“The Futaba can save an unlimited number of settings for any unlimited number of crafts. Controlling the camera is also superior to the standard RC system. There are two range selectors. One knob for large-scale range selection and another wheel for smooth, fine tuning within that range.”
Photo © Nano Calvo
Carbon Fiber Propellers
For awhile I debated whether I should be adding these or not. I finally went with them. “Carbon Fiber props are a must have for anyone using the phantom to capture visual content,” said Hohendorf. “The props are far superior to the standard plastic propellers in every way. Their rigidity prevents them from bending and warping like the plastic propellers. In addition, the rigid design translates into overall handling performances of the craft. It can achieve faster speed, harder maneuvers, and greater altitudes. The propellers are also precision balanced. This results in a far greater efficiency over the standard plastic propellers. The craft will fly several minutes longer with the lighter and more balanced propeller. A standard propeller will produce a great deal of vibration into the frame of the craft. This means that the video being recorded will display these vibrations in the form of ‘jello’ on the screen. The balanced carbon propeller will eliminate any vibration into the craft and result in clean and clear visual content.”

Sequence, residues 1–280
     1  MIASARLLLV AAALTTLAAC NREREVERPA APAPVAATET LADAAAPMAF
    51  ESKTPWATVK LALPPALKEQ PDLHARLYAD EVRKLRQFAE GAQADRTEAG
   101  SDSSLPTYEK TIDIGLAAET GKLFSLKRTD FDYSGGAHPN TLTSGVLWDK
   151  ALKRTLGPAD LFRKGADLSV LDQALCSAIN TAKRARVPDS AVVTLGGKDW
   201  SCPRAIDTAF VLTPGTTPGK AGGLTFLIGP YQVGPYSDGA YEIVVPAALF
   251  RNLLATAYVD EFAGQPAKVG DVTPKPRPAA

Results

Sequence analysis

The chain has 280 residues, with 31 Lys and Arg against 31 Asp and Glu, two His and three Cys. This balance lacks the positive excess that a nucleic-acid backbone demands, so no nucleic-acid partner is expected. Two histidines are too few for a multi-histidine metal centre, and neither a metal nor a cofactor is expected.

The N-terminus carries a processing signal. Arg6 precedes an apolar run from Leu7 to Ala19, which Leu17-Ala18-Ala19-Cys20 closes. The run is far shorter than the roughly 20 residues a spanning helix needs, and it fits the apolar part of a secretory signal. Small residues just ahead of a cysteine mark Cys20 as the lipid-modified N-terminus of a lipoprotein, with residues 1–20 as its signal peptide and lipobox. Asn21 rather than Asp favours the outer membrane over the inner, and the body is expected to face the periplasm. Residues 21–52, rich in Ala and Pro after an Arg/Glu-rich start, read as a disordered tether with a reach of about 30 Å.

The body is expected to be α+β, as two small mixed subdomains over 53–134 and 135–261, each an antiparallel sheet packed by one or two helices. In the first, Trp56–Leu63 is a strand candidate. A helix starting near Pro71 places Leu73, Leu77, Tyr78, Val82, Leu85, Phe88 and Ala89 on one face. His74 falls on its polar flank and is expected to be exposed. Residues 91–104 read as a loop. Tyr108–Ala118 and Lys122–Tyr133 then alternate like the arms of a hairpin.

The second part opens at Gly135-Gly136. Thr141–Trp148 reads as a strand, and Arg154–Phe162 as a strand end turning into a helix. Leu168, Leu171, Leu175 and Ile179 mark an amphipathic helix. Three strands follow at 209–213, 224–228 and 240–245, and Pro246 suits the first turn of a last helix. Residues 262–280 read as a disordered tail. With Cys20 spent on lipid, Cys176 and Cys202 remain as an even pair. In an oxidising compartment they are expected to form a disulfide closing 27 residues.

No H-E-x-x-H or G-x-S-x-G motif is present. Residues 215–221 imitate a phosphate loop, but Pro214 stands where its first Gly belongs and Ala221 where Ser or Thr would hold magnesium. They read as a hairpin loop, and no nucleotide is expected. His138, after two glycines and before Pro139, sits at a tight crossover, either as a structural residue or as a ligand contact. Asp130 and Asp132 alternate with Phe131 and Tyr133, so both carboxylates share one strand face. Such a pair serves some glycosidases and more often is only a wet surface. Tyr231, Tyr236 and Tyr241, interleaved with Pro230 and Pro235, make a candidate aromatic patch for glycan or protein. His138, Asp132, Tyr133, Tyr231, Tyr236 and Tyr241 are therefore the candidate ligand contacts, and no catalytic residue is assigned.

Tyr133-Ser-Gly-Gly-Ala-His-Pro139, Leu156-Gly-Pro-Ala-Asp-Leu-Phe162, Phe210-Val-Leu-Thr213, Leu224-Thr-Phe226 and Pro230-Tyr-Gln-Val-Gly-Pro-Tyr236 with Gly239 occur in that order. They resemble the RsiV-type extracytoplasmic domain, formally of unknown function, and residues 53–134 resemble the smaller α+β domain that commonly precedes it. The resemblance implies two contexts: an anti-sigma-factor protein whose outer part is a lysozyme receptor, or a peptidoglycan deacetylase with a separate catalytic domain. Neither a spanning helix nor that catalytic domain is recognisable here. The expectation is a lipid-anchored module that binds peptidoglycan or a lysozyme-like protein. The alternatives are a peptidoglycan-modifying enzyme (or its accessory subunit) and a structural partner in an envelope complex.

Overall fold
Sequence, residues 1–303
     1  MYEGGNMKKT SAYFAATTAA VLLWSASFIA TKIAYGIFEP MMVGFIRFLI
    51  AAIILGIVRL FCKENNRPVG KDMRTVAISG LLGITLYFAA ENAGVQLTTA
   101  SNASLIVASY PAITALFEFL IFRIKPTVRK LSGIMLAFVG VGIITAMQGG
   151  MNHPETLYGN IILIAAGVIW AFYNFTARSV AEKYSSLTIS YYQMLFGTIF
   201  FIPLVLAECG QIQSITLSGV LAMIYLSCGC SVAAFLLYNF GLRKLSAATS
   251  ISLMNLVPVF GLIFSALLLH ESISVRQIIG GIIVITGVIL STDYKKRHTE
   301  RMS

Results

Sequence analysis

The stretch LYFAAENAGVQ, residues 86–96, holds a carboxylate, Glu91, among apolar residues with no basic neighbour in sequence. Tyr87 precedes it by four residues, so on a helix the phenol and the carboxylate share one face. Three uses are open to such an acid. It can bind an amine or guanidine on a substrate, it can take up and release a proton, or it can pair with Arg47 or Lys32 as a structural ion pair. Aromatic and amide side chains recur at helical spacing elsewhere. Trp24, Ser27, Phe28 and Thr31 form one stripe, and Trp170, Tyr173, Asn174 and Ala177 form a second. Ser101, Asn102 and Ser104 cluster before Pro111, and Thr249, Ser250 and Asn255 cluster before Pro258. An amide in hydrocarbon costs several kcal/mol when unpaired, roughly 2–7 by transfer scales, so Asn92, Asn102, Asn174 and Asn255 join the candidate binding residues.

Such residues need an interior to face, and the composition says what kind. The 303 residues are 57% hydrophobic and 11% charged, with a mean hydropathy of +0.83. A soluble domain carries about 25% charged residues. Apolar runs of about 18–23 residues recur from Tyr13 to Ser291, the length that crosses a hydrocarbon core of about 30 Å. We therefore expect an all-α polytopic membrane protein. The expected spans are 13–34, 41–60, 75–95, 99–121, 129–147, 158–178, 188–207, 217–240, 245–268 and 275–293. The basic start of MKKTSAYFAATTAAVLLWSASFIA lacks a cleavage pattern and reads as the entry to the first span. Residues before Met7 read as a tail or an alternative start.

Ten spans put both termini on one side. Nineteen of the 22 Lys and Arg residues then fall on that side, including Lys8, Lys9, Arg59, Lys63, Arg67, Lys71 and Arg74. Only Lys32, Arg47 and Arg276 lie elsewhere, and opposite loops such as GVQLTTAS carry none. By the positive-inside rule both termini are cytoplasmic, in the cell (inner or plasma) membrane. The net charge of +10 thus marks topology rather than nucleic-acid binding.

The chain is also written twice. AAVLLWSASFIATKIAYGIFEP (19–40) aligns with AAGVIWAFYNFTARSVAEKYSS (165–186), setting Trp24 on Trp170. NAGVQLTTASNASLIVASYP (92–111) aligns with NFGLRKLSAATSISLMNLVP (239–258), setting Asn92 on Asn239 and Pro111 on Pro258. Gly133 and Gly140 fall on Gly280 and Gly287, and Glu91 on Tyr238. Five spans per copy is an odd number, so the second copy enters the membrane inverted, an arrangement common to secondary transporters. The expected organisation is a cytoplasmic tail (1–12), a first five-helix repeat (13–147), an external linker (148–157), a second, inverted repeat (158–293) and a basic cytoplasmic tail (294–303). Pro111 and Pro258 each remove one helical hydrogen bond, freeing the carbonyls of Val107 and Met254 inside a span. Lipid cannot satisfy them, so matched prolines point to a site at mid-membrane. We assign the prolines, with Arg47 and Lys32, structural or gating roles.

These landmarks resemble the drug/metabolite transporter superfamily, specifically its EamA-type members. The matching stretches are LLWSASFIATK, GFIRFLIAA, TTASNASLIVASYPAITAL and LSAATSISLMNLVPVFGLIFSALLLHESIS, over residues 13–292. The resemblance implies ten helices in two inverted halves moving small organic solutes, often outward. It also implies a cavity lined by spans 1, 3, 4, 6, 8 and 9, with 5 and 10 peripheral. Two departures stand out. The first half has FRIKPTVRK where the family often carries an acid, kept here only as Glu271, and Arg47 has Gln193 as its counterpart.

Warning: I suggest not installing carbon fiber propellers until you have become a proficient pilot, with a thorough understanding of the dynamics and operations of your craft, as these propellers can be more dangerous than plastic ones due to their superior strength.
To read the full article, check out the original source: So You Want to Shoot Aerial Photography Using Drones?
To learn more about drones, please visit: Small Unmanned Aerial Vehicles.